Standardisation of Trusted Execution Environments / Confidential Computing .
Until recently, data protection relied on two pillars: protection of data at rest and in transit. However, data remained unprotected during processing, leaving it vulnerable in shared computing environments, such as cloud computing. More recently, this shortcoming was addressed by Trusted Execution Environments capable of executing arbitrary code. Today, any user can leverage the capabilities of Trusted Execution Environments to protect data in use, closing the end-to-end data protection cycle.
Currently, all major enterprise server vendors have announced Confidential Computing solutions: AMD (with the SEV-SNP technology), ARM (with the CCA technology), IBM (with the PEF technology) and Intel (with its SGX and TDX solutions). Moreover, confidential computing capabilities have been announced for GPUs by NVIDIA. Alas, the architectures and approaches for confidential computing standardisation are diverse and often incompatible.
This growth in confidential computing deployments has led to a broad and diverse need in standardisation. Today, standardisation around software support for confidential computing is done in the Internet Engineering Task Force (IETF), namely the Trusted Execution Environments (TEEP) workgroup and Remote Attestation ProcedureS (RATS) workgroup (WG). Both groups already have adopted documents: Trusted Execution Environment Provisioning (TEEP) Architecture (RFC 9397) and Remote ATtestation procedureS (RATS) Architecture (RFC 9334). Moreover, there are 15+ additional documents under active development.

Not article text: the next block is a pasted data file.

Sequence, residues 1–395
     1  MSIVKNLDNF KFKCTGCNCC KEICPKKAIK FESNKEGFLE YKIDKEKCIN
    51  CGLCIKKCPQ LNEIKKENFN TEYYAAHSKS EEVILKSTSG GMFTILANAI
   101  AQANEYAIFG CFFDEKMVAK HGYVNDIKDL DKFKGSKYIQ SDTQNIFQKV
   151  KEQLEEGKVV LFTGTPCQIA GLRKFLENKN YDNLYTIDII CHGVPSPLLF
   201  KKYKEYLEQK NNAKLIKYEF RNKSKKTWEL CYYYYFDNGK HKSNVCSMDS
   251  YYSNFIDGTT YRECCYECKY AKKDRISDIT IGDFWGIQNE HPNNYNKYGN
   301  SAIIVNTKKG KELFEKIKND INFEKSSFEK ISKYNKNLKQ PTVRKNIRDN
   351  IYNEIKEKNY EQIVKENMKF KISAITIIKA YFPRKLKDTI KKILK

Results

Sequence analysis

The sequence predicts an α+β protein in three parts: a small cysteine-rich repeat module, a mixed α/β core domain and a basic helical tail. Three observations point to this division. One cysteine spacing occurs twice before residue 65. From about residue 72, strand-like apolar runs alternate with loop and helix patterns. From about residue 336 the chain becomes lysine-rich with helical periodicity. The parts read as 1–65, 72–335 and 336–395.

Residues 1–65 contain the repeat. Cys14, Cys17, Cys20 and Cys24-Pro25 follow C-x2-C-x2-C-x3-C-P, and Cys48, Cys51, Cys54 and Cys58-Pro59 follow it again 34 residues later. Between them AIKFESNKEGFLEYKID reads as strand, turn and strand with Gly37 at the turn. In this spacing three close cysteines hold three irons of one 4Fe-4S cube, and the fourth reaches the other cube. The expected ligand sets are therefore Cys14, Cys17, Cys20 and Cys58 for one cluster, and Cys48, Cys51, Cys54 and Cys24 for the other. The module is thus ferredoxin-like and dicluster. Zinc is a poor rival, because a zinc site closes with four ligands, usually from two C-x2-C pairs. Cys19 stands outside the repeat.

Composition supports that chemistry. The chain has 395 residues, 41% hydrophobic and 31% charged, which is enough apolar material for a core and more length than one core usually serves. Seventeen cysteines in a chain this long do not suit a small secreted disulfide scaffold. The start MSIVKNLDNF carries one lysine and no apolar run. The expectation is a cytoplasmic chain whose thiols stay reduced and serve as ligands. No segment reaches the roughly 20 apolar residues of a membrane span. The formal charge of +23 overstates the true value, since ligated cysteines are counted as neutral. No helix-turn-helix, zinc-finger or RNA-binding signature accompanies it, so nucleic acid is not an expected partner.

Along with IETF, the Confidential Computing Consortium and its individual member organizations are actively working on promoting the adoption of Confidential Computing. One such initiative is the CSA Confidential Computing working group, which recently started work on adding Confidential Computing considerations in the CSA Cloud Control Matrix.
The Confidential Computing technology will continue evolving and being adopted as more cloud deployments do hardware upgrades. This will in turn require further integration with existing standards and control frameworks both from international standards organizations (such as IETF), industry consortia (such as the CCC) and national or international regulators (ENISA in the EU or NIST in the United States of America).